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Both the financial and healthcare industries are undergoing an AI evolution. Review our vision for Artificial Neural Networks (ANN) and deep learning targeting these industries.

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With myriad buzzwords and technologies swarming the healthcare industry, especially in revenue cycle management, it's become even more difficult for many to understand and identify which technologies are the most useful for their particular business or process.

Fear not -- we are here to help cut through the clutter and clarify a topic that has caused much confusion: What is the difference between Robotic Process Automation (RPA) and Artificial Intelligence (AI)?

In an article at Medium, a simple explanation on the difference:

You can think of RPA as a software robot that mimics human actions, whereas AI is concerned with the simulation of human intelligence by machines.

On the most fundamental level, RPA is associated with “doing” whereas AI and ML is concerned with “thinking” and “learning” respectively.

Artifical-Intelligence-image

But is it really that simple? NICE provides a more detailed explanation, along with functionality:

Artificial intelligence (AI) is the simulation of human intelligence processes by computer systems, or “machines.” These processes include learning (acquiring information and contextual rules for using the information), reasoning (using context and rules to reach conclusions) and self-correction (learning from successes and failures). Popular applications of AI include image recognition, machine vision, speech recognition, chatbots, natural language generation, and sentiment analysis.

While RPA is used to work in conjunction with people by automating repetitive processes (attended automation), AI is viewed as a form of technology to replace human labor and automate end-to-end (unattended automation). RPA uses structured inputs and logic, while AI uses unstructured inputs and develops its own logic. Combining both RPA and artificial intelligence can create a fully autonomous process.

Now that you have a stronger knowledge of the capabilities of both, it is now important to apply this knowledge to revenue cycle management.

RPA for Revenue Cycle Management

In an article from MedCity News, Eric Nilsson, chief technology office of the SSI group, explains:

RPA holds intriguing potential for revenue cycle. It mimics the actions of revenue cycle staff during insurance verification, prior authorization, claims administration and follow-up, and account segmentation while eliminating human error. RPA also can work on accounts 24/7 and complete tasks at a fraction of the time it takes staff to perform the same work. The impact: increased accuracy and productivity, lower labor costs and a stronger bottom line.

To unpack this further, RPA technologies can be leveraged in a variety of processes and tasks for automation. However, we must remember that RPA uses structured inputs and logic and is not capable of "thinking on its own" so to speak. If the data is fragmented or needs interpretations, RPA is not the right solution. However, for those processes and tasks that are structured and repetitive, RPA can effectively eliminate the need for human labor.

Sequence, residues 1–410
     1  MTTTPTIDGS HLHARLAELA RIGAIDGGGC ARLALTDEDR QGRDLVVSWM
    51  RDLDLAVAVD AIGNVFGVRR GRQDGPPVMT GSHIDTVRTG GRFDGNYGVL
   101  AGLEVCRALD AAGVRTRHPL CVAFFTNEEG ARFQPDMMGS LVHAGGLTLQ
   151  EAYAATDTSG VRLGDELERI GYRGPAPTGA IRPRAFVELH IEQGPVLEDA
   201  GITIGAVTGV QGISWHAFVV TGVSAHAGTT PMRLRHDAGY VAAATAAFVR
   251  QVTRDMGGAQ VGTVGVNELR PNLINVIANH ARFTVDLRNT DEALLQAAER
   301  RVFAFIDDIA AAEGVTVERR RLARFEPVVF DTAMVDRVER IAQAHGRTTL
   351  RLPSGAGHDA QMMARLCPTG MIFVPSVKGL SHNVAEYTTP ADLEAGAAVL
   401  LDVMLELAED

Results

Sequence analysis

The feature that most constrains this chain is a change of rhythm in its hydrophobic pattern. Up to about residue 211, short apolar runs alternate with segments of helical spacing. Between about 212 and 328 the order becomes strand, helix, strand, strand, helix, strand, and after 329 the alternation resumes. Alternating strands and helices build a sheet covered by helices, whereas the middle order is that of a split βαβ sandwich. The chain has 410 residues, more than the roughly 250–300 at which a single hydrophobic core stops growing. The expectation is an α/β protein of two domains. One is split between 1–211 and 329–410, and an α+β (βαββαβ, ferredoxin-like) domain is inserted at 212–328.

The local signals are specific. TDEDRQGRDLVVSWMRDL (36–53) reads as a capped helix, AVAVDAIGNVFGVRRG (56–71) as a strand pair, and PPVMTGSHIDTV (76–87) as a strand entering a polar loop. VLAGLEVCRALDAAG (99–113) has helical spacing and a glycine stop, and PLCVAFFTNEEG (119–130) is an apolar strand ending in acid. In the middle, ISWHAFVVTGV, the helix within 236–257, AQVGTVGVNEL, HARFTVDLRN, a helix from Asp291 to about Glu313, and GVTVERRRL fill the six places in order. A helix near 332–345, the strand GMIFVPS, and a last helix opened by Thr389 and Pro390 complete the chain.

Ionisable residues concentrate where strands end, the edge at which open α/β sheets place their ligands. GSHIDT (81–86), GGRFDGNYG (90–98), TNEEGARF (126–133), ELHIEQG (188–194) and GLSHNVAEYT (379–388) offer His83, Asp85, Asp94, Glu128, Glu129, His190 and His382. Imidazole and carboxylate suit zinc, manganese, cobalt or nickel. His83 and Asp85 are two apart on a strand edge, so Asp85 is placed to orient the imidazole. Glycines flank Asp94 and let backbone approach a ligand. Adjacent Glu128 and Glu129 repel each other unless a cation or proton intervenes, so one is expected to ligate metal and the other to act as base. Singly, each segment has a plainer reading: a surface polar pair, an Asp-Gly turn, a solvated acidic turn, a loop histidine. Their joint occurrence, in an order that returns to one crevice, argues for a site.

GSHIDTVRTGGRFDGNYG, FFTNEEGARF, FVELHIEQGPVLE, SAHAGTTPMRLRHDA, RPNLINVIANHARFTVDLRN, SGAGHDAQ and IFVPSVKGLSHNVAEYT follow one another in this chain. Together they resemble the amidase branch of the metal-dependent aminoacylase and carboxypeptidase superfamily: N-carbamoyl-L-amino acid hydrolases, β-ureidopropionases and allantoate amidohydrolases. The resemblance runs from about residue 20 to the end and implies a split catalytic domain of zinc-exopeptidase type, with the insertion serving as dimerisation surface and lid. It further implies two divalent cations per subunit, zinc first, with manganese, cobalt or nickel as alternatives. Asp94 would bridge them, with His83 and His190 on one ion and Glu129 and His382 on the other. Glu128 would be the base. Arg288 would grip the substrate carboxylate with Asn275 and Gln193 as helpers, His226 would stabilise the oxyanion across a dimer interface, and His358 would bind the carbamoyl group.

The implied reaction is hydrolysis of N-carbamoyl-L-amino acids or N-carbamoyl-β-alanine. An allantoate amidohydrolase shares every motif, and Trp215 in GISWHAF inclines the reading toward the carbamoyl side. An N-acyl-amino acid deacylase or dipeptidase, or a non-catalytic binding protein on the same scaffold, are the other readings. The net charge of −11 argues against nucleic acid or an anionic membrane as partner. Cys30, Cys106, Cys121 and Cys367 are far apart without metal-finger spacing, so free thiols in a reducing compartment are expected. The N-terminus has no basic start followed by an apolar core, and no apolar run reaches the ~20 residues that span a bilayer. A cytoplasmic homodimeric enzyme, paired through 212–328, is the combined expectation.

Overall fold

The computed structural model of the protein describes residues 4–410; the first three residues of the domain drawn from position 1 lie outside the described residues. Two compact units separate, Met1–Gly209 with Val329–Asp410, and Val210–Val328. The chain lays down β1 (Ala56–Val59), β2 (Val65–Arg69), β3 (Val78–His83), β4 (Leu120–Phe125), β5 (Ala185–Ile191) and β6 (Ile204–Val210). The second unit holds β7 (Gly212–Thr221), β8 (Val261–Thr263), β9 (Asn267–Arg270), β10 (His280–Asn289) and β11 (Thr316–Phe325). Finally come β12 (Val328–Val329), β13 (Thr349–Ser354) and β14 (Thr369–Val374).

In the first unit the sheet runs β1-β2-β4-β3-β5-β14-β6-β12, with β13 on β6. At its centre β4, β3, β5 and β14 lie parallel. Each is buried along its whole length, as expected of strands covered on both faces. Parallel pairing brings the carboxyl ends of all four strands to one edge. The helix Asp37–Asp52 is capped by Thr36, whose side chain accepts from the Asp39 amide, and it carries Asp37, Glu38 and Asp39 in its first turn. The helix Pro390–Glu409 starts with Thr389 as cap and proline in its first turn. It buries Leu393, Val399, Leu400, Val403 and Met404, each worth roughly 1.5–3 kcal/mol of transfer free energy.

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Image Source: Information Age

The article further cautions healthcare leaders on some key issues facing integration of RPA, including how to engage current staff in an RPA-enabled environment, determining the the internal resources needed, and how to measure results. Click here to read the full article.

AI and Machine Learning for Revenue Cycle Management

The applications for Artificial Intelligence and Machine Learning in RCM are for those processes and tasks that require levels of interpretation, or "thinking." Much of the data, inputs, and outputs from providers, payers and their systems are structured differently from source-to-source. With this in mind, RPA would not be able to handle these. However, Artificial Intelligence and Machine Learning technologies have the ability to handle these types of processes and tasks, and do so more efficiently than humans.

Take for instance, processing paper-based remittances and EOBs. Let's take a look at the two sample EOBs below:

Sample EOB
Aetna-EOB-1.png

When viewing both EOBs, there are different fields containing a significant amount of data.

  • For RPA, the documents are structured differently and the data requires interpretation to correctly identify the fields and intepret the data, which RPA is not capable of doing.
  • For a human, they will need to view the document, find the relevant information, and manually key in the data into their PMS/HIS, which takes an average of 7 minutes per EOB according to the CAQH Index.

However, AI and Machine Learning is able to automate this process, delivering healthcare payments electronification, by scanning and extracting the data from the fields, interpret the data, and returning an EDI 835 file for providers and RCM servicers for autoposting into their PMS/HIS.

Scanning EOB

RPA and AI both have their place in RCM. Healthcare leaders need to assess their needs properly in order to determine the right technology for their organization.

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